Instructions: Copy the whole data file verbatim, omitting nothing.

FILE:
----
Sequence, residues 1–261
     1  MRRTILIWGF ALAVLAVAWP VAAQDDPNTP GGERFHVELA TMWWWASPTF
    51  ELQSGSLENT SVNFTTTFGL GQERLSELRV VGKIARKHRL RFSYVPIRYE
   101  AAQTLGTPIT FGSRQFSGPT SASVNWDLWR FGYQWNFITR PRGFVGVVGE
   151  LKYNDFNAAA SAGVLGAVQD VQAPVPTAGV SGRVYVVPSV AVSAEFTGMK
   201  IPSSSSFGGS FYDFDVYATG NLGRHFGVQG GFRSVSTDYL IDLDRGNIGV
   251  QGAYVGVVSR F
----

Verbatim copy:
Sequence, residues 1–261
     1  MRRTILIWGF ALAVLAVAWP VAAQDDPNTP GGERFHVELA TMWWWASPTF
    51  ELQSGSLENT SVNFTTTFGL GQERLSELRV VGKIARKHRL RFSYVPIRYE
   101  AAQTLGTPIT FGSRQFSGPT SASVNWDLWR FGYQWNFITR PRGFVGVVGE
   151  LKYNDFNAAA SAGVLGAVQD VQAPVPTAGV SGRVYVVPSV AVSAEFTGMK
   201  IPSSSSFGGS FYDFDVYATG NLGRHFGVQG GFRSVSTDYL IDLDRGNIGV
   251  QGAYVGVVSR F